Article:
Licorice Root Organic
Glycyrrhiza glabra. Don’t use licorice if you have high blood pressure, and don’t use licorice if you eat a meat and potatoes diet. Your body needs potassium from fruit and vegetables to compensate for the excretion of potassium stimulated by licorice. If you use steroids or an asthma inhaler, licorice will increase both the effectiveness of the drug and the severity of its side effects. Its long term use is not recommended, and it is not recommended for use by pregnant women. May cause stomach upset if taken in large quantities. Item No: 1415-50
Licorice root has been used for centuries—from the Ancient Egyptians (to whom it was a panacea for all that ailed), Brahmans of India, the Greeks, Romans, Babylonians and the Chinese. Armies all over the ancient world carried licorice root with them on long journeys to sustain, nourish, and fight infection—not to mention the sweet, pleasant taste of the root. Dioscorides, the ancient Greek physician, named licorice root for its sweet taste: glukos for “sweet” and riza for “root”. Early settlers introduced the root to the NewWorld, showing the Native Americans here that it can be effective for treating colds and digestive disorders alike. Most exported licorice root today is produced in Greece, Turkey and parts of Asia.
Historically, licorice has been known for its demulcent, anti-microbial and expectorant qualities. Licorice is soothing to inflamed mucous membranes, thus it can be used to treat sore throats. It is also used in several herbal cough and cold formulas as well, as it tends to loosen mucus in the lungs. In current research and complementary medicine, licorice is used for alleviating the pain of peptic ulcers, especially since its anti-microbial properties are thought to have an affinity forH. pylori bacteria. Preliminary research suggests that licorice blocks the metabolism of certain inflammatory prostaglandins (E and F2 alpha) which may explain why many people feel relief of peptic ulcer symptoms. In human and animal studies licorice has been seen to reduce the incidence of gastric bleeding and ulcers when taken in conjunction with aspirin (which poses a risk for these undesirables). Iberogast, a commercially available herbal product containing licorice, has been shown to be effective in treating ulcers.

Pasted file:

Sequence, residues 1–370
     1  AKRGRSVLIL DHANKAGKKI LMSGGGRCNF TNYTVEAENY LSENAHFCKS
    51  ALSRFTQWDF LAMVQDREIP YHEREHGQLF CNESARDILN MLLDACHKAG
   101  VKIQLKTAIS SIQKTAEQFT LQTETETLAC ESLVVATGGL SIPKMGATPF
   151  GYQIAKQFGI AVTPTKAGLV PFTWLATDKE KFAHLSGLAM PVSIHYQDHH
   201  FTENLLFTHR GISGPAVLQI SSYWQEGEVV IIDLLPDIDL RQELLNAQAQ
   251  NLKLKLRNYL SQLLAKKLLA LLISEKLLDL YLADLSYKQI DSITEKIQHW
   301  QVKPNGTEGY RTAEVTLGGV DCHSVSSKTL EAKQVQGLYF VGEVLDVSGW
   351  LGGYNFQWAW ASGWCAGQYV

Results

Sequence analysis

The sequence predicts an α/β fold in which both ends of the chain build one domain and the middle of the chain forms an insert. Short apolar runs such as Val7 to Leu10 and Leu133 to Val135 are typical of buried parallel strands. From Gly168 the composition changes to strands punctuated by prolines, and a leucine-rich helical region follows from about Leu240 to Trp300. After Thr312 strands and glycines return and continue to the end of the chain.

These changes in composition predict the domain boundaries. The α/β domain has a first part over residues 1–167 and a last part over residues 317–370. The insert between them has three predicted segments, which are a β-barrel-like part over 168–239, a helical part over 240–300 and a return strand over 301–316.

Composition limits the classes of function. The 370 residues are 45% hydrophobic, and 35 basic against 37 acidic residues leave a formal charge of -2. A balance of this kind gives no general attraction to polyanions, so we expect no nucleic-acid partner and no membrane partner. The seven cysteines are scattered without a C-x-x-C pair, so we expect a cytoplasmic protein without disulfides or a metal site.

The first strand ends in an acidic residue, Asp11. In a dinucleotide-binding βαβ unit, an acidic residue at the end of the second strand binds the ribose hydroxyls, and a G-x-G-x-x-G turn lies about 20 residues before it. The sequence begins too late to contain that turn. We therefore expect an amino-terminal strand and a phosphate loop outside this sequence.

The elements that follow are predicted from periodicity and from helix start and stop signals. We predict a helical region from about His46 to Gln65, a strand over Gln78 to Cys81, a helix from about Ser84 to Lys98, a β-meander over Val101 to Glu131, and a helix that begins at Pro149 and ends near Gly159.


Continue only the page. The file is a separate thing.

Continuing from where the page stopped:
Other research has been mixed, although a long history of use still speaks to its effectiveness for many people. In addition, licorice can act as a mild laxative, and has anti-inflammatory, anti-viral anti-oxidative, immune-modulatory, hepato-protective and cardioprotective properties as well. The active component of licorice, glycyrrhiza, is responsible for its sweet taste that is roughly 50 times sweeter than sugar when isolated (this explains why licorice became popular as a treat!). Glycyrrhizinates participate in the cortisol activation pathway, inhibiting the enzyme responsible for activating cortisol (11- dehydroxysteriod Dehydrogenase) as well as the output of adrenal corticotrophic hormone (hence its effect on the kidneys and adrenal glands, as well as the risk of mineral corticoid excess when consumed in high doses for long periods of time). There are some serious side effects associated with increased consumption of glycyrrhizin—fortunately, the risk of side effects are somewhat diminished when licorice root is consumed in the “whole plant” form because the bioavailability of glycyrrhizin is reduced. In addition to altering cortisol, some studies have noted decreased plasma testosterone levels in healthy women although the results are mixed for men. Another form of licorice, deglycyrrhizinated licorice (DGL) is available, and it is this form that is often used in clinical studies (again, to reduce the risk of side effects in populations that are already at higher risk for adverse events). Topically, licorice is also used as a hair rinse to reduce sebum secretion and shows promise in pigment-reducing formulas. Glycyrrhetinic acid and glycyrrhizic acid is often used in many cosmetics and skin creams. There is mixed evidence for licorice’s effect on weight loss. Some studies have found that regular consumption of licorice can reduce fat mass, but at the same time, it encourages salt and water retention which may offset the weight loss.